Audubon Vermont Thanks Governor and Legislators for New Migratory Bird Law

Governor Scott’s Signature on H.683 Restores Important Protections for Vermont’s Migratory Birds


MONTPELIER (October 9, 2020) – Vermont’s Governor Phil Scott signed H.683 relating to the protection of migratory birds yesterday, filling the gap for Vermont left by federal efforts to rollback bird protections in the Migratory Bird Treaty Act, one of our nation’s oldest wildlife laws. In response to this change in federal law, and in light of recent reports demonstrating that North American bird populations are facing significant declines and are also at risk from the impacts of the climate crisis, the Vermont General Assembly passed H.683 nearly unanimously. This legislation prohibits actions where the death or harm of birds is a “direct and foreseeable result” and where the action causes at least local population impacts. 

“On behalf of the birds of Vermont, Audubon’s members, and bird-lovers everywhere, I want to thank Governor Scott and Fish and Wildlife Commissioner Porter for working with the General Assembly to pass this important law,” said David Mears, Audubon Vermont’s Executive Director. He continued, “In a state with an abundance and diversity of amazing birds, and with a record number of birdwatchers, this law reflects an important investment in a future in which our birds, and our communities, can thrive.”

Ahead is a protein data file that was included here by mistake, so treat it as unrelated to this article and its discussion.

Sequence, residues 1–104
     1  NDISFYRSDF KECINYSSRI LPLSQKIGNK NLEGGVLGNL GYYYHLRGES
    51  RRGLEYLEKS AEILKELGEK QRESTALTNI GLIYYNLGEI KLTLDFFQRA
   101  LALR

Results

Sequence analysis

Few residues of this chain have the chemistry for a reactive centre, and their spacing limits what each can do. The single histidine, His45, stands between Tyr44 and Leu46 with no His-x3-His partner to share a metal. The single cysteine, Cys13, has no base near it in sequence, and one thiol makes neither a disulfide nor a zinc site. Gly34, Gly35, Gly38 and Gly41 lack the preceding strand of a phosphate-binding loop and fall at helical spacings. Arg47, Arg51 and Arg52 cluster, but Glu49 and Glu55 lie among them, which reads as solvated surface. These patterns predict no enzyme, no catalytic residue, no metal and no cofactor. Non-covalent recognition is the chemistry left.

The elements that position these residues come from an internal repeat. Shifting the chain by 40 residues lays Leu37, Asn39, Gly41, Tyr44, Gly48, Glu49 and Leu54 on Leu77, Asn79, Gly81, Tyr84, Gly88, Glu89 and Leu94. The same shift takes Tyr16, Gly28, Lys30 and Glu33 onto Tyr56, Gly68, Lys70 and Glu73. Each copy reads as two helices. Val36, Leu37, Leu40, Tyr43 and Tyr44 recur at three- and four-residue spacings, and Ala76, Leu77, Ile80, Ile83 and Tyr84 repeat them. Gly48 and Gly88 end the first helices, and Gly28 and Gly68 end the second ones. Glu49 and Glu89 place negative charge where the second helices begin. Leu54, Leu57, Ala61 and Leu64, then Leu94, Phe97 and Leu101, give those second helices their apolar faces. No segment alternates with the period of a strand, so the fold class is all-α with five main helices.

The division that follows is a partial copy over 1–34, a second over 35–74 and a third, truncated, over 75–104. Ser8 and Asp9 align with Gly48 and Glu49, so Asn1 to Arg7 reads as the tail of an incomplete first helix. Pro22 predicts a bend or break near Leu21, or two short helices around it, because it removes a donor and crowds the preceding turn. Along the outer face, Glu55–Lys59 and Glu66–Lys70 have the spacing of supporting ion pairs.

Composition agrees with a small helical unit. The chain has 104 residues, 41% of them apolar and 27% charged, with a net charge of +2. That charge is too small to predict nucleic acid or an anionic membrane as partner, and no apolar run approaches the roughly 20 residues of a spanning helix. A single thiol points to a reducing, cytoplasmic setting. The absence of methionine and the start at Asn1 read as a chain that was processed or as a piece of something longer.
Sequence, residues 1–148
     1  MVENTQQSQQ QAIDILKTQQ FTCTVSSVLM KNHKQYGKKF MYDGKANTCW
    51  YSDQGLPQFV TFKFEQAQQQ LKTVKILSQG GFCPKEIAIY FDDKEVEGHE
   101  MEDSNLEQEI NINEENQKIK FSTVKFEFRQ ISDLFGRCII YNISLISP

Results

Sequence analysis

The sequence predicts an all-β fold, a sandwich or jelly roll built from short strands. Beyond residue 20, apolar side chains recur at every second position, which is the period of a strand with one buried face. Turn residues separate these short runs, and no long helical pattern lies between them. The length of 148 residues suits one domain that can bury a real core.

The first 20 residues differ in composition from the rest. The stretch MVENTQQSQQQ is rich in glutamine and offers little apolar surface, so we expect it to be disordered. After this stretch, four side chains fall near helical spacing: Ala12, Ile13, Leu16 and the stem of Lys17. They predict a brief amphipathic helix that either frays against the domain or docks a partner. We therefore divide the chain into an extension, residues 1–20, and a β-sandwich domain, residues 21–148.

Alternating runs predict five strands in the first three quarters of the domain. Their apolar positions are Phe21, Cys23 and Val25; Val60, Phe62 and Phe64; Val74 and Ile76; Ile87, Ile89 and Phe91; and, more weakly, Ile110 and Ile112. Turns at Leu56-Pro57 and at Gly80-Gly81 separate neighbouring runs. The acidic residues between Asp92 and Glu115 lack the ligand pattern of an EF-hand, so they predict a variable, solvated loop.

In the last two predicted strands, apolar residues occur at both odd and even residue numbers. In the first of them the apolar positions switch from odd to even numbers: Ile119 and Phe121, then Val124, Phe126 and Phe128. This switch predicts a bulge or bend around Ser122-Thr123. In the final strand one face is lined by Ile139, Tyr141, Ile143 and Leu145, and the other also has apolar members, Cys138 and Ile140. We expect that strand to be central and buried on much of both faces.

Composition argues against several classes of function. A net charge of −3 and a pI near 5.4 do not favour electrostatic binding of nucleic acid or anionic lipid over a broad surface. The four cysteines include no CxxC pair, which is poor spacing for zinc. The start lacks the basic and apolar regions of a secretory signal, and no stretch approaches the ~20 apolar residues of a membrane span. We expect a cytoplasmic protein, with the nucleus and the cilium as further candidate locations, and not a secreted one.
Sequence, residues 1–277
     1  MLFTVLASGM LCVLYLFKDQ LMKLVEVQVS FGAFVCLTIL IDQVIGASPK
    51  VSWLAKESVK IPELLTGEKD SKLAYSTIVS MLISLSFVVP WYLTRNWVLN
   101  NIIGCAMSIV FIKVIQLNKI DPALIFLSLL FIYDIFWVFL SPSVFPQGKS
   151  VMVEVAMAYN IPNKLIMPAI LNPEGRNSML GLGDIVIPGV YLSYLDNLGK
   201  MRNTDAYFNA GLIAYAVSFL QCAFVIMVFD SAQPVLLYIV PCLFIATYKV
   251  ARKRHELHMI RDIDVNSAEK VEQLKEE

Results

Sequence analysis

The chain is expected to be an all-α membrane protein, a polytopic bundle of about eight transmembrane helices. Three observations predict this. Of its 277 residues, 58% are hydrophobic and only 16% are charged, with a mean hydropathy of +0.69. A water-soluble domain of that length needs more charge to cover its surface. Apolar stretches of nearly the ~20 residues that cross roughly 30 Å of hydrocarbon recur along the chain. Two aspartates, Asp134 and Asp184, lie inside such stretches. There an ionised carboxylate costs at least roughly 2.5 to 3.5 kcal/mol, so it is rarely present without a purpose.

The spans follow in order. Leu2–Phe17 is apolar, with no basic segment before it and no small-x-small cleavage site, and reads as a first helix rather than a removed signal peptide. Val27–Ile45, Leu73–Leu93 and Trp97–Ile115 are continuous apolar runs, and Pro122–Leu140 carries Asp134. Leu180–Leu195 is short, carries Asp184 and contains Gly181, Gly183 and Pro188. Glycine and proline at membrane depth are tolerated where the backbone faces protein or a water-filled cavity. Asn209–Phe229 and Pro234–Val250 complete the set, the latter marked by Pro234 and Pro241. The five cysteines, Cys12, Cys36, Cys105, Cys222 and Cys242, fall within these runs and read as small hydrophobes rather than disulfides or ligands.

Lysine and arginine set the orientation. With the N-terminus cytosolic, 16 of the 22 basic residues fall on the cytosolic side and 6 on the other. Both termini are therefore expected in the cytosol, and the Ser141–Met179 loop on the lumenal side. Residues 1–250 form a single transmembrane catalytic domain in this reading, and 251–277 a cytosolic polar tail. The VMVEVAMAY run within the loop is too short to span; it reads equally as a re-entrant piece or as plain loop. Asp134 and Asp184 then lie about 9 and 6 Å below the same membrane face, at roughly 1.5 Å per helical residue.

The bill advanced in the House thanks to the leadership of the key co-sponsors, Representative Amy Sheldon, Chair of the House Natural Resources, Fish and Wildlife Committee and Representative Kari Dolan of Waitsfield. The bill received a critical boost from leadership in the Senate including Senator Chris Bray, Chair of the Senate Natural Resources Committee, and Senate President Pro Tempore Tim Ashe. Most importantly, Audubon Vermont members across our Green Mountain state made their voices heard in support of the passage of this new law to ensure that Vermont will continue to provide critical protections to our migratory birds, regardless of what happens in Washington DC. 


Contact: David Mears, Audubon Vermont,, (802) 434-3006

About Audubon Vermont: Audubon Vermont is a state office of the National Audubon Society, an organization committed to protecting birds and the places they need, today and tomorrow. Audubon works across Vermont using science, advocacy, education, and on-the-ground conservation. Our programs, members, chapters, and partners give Audubon an unparalleled wingspan that informs, inspires, and unites diverse communities in conservation action. Audubon believes in a world in which people and wildlife thrive. 

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